Thursday, 20 March 2014

Time Travel

TITLE: The Time Machine
AUTHOR: H.G. Wells
RATING:  (3/5)


I don't read much science fiction, but whenever I read a sci-fi book I always tell myself that I'm going to start picking up more of the genre. I love dystopia so I assume it's a sort of step up from that. I just finished reading the last book in the Maze Runner Series and I was surprised about how science-fiction-like that turned out to be! I'm going to be writing a review of that soon.

I recently read The Time Machine by HG Wells for something called Classics Club started by ScottReadsBooks. The premise is that we read a classic each month and come together and talk about it, so I'm going to be writing a quick review of The Time Machine for this. If you want to take part in it then I'll put links and stuff at the bottom of this post.

The Time Machine is a really great read. It's one of those books that when you open it and start reading it, you realise that there's more packed into it than you first thought. But it doesn't take anything away from the read, in fact it makes it a lot more exciting. In this book, a man simply called the 'Time Traveller' ends up way, way into the future with a race called the Eloi and the Morlocks. Through-out the book we begin to understand how they both descended from humans, and how the social structure and hierarchies have been formed based on the evolution of each creature. So it's scientific, but it also touches on social aspects which I think was important for this novel to work.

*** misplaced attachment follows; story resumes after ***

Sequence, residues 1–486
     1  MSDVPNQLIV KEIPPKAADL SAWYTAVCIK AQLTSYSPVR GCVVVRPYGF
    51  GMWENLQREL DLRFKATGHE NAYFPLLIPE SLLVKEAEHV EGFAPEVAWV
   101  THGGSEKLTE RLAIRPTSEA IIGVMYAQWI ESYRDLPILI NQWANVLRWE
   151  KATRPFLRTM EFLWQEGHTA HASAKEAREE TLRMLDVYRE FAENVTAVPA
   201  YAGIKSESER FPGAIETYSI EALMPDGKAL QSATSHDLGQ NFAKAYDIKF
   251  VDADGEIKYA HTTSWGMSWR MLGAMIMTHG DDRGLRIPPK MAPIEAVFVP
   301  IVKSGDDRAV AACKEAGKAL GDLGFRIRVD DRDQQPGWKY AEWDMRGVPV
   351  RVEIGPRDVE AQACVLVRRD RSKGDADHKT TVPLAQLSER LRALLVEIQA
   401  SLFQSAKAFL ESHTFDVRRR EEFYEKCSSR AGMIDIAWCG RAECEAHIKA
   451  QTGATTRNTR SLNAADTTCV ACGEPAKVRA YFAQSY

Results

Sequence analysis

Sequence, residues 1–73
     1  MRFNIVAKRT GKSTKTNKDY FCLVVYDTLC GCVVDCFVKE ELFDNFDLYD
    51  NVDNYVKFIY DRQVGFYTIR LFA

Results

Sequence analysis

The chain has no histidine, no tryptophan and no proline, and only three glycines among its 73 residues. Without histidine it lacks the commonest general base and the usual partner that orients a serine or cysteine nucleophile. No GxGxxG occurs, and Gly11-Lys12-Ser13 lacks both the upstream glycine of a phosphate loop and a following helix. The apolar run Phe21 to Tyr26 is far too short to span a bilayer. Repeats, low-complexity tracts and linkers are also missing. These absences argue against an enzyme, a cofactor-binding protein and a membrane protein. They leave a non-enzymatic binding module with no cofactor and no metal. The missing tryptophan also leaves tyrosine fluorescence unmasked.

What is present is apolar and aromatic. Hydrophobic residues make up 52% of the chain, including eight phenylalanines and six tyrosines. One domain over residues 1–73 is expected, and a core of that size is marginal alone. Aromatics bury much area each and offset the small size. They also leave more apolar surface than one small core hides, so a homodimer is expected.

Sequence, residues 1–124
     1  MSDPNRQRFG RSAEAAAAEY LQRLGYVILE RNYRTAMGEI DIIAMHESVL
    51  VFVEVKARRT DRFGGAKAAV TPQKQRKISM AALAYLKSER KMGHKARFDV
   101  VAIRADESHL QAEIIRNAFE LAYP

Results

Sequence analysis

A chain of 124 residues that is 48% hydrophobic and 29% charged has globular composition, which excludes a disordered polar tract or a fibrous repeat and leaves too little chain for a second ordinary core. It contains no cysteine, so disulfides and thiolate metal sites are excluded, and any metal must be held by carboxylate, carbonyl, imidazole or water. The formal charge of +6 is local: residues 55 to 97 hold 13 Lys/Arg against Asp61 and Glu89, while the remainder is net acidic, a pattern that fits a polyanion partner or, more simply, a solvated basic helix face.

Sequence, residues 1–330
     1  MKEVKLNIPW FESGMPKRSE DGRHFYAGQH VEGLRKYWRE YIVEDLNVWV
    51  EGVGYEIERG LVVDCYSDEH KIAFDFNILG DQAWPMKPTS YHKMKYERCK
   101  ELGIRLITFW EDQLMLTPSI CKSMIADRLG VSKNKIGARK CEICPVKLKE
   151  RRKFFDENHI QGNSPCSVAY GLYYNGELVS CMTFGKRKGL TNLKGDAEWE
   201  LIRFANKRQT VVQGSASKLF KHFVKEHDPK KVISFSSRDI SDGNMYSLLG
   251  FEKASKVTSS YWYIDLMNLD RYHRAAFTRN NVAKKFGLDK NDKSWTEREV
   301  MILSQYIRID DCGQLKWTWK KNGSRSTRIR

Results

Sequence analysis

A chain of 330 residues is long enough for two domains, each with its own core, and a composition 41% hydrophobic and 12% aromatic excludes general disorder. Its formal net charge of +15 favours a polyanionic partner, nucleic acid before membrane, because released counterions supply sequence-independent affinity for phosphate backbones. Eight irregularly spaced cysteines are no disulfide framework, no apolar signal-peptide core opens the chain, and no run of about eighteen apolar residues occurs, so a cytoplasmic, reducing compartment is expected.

The structure of this novel was interesting. It's told by an unnamed narrator who is hearing the story of the Time Traveller's journey in a large speech, meaning it reads almost like memoir. I think it really works in this way because it feels like Wells is directly talking to us. Therefore the things that happen shock us more, we have better reactions to them, and it develops a better sense of atmosphere. Plus, it avoids the confusion of which character is where and in what time era which could have easily happened here.

I'm really happy to say that HG Wells is an absolutely brilliant writer. The only other novel of his I've read is War of the Worlds which scared me so much I shudder to think and talk about it, so it was nice to actually read something of his which I could appreciate and enjoy without feeling like I was going to weep from fear. Wells is able to keep up a good pace with plenty of problems and questions, as well as developing and engaging and descriptive writing style which I look for in a lot of writing. I think he's quite underrated when people think about brilliant classic authors, in my opinion he is one of the best - he can create atmosphere effortlessly.

The plot, however, seemed to dwindle at times. Because there was a language barrier between the Time Traveller and the Eloi there was very little speech through-out the story, meaning it was literally just paragraph after paragraph which became quite heavy after an hour or so of reading. I don't know whether this was just me though, I'd previously read a load of fast-paced books which might have made this seem slower, but because it's such a short book I don't think it means it was necessarily bad.

So overall, it was a really great book and I'm happy I was able to get a better feel for Wells' writing. I'm going to be writing a review of the Maze Runner soon too, in celebration of the newly released trailer which is amazing!

Thanks for reading,
Rachel x

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